G. Milton Shy Visiting Professorship
The G. Milton Shy Visiting Professorship was established in honor of the memory and accomplishments of Dr. Milton Shy, who passed away on September 25, 1967, at the age of 47. It is a joint week-long professorship at the NIH, University of Pennsylvania and Columbia University.
Dr. G. Milton Shy received his MD from the University of Oregon and completed his medical training at the National Hospital at Queen Square in London and the Montreal Neurological Institute of McGill University. He began his academic career as an Assistant Professor of Neurology at the University of Colorado and while there also accepted the challenge of becoming the first Clinical Director of the National Institute of Neurological Diseases and Blindness (NINDB), now the National Institute of Neurologic Disorders and Stroke (NINDS). During his 10 years at the NINDB he established many traditions of scholarship–one of which was the welcoming of visiting scientists from anywhere in the world for collaborative work.
Dr. Shy made numerous critical contributions to research – in his lab, through his service on the study sections of the NINDB, and as a member of the Editorial Board of Neurology. He was a pioneer in using electron microscopy to study muscle diseases and is credited with discovering five previously unrecognized diseases: central core disease, magaconial myopathy, pleoconial myopathy, myotubular myopathy and nemaline myopathy. His research was not limited to neuromuscular disorders; he also advanced radioisotopic localization of brain tumors and described the association of central nervous system disease and orthostatic hypotension –leading to the eponym Shy-Drager syndrome.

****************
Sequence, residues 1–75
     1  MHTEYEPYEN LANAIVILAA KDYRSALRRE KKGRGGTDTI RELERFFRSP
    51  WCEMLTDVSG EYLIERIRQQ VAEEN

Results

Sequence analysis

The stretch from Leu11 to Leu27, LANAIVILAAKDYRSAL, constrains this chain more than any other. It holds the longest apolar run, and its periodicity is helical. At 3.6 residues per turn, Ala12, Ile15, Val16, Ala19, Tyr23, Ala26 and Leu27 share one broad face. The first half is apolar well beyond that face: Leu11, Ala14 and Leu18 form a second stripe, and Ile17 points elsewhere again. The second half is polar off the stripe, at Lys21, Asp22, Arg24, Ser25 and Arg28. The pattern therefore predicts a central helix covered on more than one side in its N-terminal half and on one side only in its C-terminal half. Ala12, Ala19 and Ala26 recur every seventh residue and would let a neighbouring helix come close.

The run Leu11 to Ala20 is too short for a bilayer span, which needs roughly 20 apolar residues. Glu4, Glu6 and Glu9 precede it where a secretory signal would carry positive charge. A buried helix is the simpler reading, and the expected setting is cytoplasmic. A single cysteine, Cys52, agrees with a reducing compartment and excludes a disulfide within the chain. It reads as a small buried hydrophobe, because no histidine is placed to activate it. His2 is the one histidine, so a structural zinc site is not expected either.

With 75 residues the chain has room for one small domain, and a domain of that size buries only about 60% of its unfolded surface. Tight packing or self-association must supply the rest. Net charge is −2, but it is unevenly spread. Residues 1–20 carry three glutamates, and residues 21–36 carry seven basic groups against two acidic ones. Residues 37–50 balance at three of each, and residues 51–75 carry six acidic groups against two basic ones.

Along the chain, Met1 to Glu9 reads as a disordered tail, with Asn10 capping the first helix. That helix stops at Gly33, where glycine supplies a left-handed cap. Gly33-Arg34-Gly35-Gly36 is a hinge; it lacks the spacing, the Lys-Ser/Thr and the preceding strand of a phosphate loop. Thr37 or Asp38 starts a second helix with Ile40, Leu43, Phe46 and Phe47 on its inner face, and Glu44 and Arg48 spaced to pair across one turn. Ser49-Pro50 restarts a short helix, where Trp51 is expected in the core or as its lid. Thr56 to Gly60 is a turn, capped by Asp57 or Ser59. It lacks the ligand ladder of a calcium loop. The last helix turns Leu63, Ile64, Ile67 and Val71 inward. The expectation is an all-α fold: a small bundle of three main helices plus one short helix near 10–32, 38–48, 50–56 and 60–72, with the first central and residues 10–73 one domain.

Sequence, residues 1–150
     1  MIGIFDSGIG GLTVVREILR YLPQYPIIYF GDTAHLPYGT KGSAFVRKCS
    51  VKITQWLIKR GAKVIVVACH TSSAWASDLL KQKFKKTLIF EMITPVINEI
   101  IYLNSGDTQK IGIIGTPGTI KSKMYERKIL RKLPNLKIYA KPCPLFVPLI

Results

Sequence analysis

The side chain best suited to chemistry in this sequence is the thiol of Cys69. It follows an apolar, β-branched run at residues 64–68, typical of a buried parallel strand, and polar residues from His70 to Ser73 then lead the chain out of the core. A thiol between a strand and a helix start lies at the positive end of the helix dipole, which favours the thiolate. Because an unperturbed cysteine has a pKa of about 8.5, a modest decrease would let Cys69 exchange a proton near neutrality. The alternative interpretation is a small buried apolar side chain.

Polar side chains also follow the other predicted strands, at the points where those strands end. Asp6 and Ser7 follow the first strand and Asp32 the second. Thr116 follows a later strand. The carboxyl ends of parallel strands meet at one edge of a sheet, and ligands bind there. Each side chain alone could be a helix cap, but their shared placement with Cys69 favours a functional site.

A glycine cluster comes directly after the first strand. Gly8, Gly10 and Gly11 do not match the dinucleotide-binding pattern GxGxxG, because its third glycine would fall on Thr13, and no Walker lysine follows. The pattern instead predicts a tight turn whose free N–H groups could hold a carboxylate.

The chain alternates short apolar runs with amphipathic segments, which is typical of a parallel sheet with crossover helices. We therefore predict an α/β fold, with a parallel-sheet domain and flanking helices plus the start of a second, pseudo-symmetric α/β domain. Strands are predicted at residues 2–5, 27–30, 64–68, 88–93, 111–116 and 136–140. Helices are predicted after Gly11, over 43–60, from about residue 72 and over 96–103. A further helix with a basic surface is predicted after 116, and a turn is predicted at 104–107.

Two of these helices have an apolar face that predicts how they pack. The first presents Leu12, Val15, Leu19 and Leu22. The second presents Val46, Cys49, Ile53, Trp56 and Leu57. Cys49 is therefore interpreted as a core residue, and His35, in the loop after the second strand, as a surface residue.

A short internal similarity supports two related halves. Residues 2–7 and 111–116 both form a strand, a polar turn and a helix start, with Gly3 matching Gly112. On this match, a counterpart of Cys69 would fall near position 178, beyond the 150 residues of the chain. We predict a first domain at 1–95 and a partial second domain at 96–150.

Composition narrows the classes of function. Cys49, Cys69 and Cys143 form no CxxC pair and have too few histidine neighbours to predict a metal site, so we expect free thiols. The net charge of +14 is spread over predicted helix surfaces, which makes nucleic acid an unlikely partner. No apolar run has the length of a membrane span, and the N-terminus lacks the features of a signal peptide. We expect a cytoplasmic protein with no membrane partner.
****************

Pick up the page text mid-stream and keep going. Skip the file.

Dr. Shy’s devotion to scientific inquiry was matched by his passion for patient care. He demanded and provided an uncompromising standard of excellence. With apparently inexhaustible energy, he was also fiercely dedicated to education -becoming an inspiration to students, residents and staff of all the medical schools in the area.
Dr. Shy was lost at the height of his creativity but his legacy lives on –his former residents and fellows (and his Columbia-trained son, Michael Shy) now fill dozens of full-time academic appointments in neurology throughout the world.
Most recent 2023 G. Milton Shy Visiting Professorship Lecture:
Stiff Person Syndrome and GAD-antibody Spectrum Autoimmune Neuronal Hyperexcitabilities
Marinos C. Dalakas, MD, FAAN
Professor of Neurology (endowed Chair)
Director, Neuromuscular Division and Clinical Neuroimmunology
Thomas Jefferson University School of Medicine
Chief of Neuroimmunology and Emeritus Professor of Neurology
Athens University Medical School, Athens Greece
Dr. Marinos C. Dalakas' major prior appointments have been Chief, Neuromuscular Diseases Section at the NIH/NINDS, Bethesda, MD for 20 years and as Senior Investigator in Neuroimmunology/Neurovirology at NIH/NINDS for 6 years. His research is focused on Neuroimmunology and Neuro-Immunotherapies and has published more than 700 peer-reviewed papers and reviews in all major Journals, including more than 20 in New Engl J Med. His current H-index is 122.
Among others, he has been credited for the use of IVIg in Neurology, including mechanisms of actions, with pioneering trials in inflammatory myopathies, autoimmune neuropathies, and stiff-person syndrome; identification of autoimmune mechanisms in neuromuscular diseases; description of post-polio syndrome, etc.
Has received numerous awards and serves in the Editorial Board of most Neurology Journals as well as Associate or Deputy Editor.